Einstein's theory of relativity was beyond any doubt lovely, different from any other theory ever imagined by mankind. Newton described gravity merely as a force acting over a distance attracting any 2 masses, the force proportional to the product of the two masses and inversely proportional to the square of the distance between them. This … Continue reading Problem with Einstein’s Theory of Relativity
Now we know that motion is a relative term.So absolute motion has no meaning, right? So aren’t Galileo’s view that earth moves around sun and the church’s old belief that sun moves around earth actually not equally correct or equally wrong? this is a question from hc verma’s concept of physics part 1.(from short answer … Continue reading Relative Nature of Motion
Can you see your image when you are travelling at the speed of light? Visitors and students are requested to respond and answer via comments. Einstein’s Theory of relativity says:”The Laws of Physics are the same in any Inertial Frame of Reference.”
Can someone tell me how to derive M = M_0/√(1 – v^2/c^2) Emmanuel Gonzalez posted this. The formula for relativistic mass (i.e. the mass of a body when it is moving with speeds comparable to the velovity of light in vacuum is given by)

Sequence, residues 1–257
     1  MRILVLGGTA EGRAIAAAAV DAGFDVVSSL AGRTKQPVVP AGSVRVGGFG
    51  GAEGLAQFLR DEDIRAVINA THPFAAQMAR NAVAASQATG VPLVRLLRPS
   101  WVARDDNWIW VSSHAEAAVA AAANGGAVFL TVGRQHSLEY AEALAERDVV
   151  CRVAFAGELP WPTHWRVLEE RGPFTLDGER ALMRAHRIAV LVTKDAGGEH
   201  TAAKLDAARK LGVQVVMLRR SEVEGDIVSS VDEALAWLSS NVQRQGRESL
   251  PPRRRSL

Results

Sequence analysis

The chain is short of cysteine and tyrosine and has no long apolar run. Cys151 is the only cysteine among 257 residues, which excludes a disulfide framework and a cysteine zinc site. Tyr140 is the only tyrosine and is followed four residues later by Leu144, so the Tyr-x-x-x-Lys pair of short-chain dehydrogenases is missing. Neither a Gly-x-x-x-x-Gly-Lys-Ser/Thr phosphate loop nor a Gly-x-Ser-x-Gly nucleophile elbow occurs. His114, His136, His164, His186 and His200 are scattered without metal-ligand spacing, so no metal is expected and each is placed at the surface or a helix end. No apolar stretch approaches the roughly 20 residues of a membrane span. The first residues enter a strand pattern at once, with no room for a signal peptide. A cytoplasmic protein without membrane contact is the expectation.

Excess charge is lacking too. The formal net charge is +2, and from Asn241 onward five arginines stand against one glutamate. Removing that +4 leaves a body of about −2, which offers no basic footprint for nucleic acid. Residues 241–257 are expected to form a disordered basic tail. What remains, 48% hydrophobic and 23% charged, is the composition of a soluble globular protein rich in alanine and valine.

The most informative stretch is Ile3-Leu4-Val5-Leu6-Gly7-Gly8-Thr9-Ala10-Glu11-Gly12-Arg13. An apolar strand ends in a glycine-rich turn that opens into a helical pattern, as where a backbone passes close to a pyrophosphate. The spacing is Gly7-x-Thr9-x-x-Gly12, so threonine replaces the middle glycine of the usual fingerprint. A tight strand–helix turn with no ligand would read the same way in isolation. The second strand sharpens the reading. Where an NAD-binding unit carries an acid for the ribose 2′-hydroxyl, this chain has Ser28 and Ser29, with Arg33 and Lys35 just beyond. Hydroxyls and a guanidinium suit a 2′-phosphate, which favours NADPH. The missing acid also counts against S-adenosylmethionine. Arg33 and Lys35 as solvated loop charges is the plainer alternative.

A constant introduced by Einstein (1917) into the equations of general relativity to allow a steady state cosmological solution to the Einstein field equations. The constant was introduced before the concept of the Big Bang had been conceived, so an expanding or contracting universe was regarded as physically implausible, leading Einstein to add as a … Continue reading More on Cosmological constant
Einstein's theory of special relativity includes electricity and magnetism in a simple, logical extension of the relativity of Galileo and Newton. Its conclusions, including time dilation, length contraction, and E=mc2 have changed profoundly our ideas of time and space, matter and energy. Find more at http://www.phys.unsw.edu.au/einsteinlight/ The link will open in a new window.
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